Political and philosophical strategies of Roman Epicureans in the Late Republic
Item statusRestricted Access
Embargo end date02/07/2020
Valachova, Cassandra Susan Bancroft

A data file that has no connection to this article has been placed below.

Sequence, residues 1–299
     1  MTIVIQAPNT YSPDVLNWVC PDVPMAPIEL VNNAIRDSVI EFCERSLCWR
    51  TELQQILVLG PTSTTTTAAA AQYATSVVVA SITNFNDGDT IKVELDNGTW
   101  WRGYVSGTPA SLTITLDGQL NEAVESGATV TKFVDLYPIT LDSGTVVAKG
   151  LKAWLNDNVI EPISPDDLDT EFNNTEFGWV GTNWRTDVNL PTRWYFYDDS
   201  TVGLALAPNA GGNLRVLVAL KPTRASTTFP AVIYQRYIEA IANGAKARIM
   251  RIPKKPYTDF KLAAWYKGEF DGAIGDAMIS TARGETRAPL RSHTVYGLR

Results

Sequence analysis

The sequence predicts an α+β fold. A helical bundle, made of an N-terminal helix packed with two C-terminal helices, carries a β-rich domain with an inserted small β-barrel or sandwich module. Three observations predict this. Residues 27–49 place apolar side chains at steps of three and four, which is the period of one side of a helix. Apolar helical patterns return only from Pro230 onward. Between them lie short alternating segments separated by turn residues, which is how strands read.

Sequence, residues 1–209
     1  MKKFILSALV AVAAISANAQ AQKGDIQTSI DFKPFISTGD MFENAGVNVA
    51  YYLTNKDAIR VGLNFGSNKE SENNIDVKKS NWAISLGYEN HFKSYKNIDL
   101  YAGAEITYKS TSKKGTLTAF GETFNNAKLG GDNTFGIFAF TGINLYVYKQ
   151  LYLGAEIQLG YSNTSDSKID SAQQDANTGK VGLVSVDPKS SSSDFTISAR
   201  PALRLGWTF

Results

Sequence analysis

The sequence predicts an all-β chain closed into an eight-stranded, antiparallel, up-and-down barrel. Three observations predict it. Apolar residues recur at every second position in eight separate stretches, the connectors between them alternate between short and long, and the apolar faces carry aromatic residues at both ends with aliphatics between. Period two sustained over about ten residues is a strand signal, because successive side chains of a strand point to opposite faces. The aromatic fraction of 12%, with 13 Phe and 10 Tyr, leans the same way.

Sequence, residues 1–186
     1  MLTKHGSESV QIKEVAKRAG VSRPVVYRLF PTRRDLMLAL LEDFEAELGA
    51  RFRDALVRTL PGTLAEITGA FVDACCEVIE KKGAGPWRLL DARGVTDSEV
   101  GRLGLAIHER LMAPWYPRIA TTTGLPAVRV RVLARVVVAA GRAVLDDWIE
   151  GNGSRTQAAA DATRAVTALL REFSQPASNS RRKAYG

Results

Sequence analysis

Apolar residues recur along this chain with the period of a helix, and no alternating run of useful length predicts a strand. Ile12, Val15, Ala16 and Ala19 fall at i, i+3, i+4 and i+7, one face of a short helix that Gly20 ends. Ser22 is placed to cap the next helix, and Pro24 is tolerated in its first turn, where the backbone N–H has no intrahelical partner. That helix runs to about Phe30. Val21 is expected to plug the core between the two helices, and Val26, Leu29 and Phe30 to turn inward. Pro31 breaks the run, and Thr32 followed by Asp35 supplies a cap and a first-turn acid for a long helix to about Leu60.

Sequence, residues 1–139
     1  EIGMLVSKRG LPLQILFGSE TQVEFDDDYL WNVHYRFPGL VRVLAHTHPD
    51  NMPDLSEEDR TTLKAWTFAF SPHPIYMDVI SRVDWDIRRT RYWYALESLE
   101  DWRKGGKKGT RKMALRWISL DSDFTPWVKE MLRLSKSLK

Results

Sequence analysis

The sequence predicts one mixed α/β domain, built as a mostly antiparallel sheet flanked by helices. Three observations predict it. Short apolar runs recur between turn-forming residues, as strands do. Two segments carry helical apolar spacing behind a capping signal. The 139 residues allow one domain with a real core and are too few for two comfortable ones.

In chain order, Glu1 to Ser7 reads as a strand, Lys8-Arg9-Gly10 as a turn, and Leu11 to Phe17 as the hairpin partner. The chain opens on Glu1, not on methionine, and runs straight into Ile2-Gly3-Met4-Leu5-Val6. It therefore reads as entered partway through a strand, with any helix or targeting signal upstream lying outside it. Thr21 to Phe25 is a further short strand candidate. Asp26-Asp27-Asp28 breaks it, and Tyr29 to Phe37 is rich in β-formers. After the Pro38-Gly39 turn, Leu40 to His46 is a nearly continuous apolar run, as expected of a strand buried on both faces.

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This thesis examines the political careers and strategies of the Roman adherents of Epicurean philosophy in the final three decades of the Republic. I offer a detailed exploration of the network of affiliates of the School, as well as their teachers and patrons, and examine how their self-‐presentation, social ties, and incorporation of philosophical doctrine into their career strategies enabled them to thrive in such an unstable and dangerous period. In Part One I examine as a series of case studies the role of Epicureanism in the ascent of three individuals who attained the rank of Consul or Consul Designate (L. Calpurnius Piso Caesoninus, C. Vibius Pansa Caetronianus and C. Cassius Longinus), as well as one notable failure (C. Memmius). I argue that they deliberately avoided the traditional routes to power and electoral success: military glory and public oratory, and focused on factional and individual loyalty. I then assess the extent to which the patronage and leadership of C. Iulius Caesar was instrumental in the success of these politicians, and how this benefitted him. In Part Two I examine an alternative application of Epicurean philosophy to Roman politics, that of professed quietude and eschewal of office, as characterized by T. Pomponius Atticus. I argue that this choice was far from apolitical, but represented an alternative route to power and self-‐ preservation, incorporating many of the same strategies employed by the politically active adherents. I explore how Atticus deliberately cultivated the image of a philosophical conscientious objector, yet wielded a significant amount of power in Rome, thanks to his wealth, his contacts, his provincial holdings and his role as financial administrator to the political elite. This thesis posits, in conclusion, that the unique political climate of the late Republic, in particular the incipient shift from limited-‐term magistracies to single rule, facilitated a novel approach to the acquisition of power and personal security. Basing their actions on Epicurean teachings on society, friendship, religion and pleasure, the Roman adherents exploited their utility to those in power, Caesar in particular, to carve out a relatively stable niche in a tumultuous era.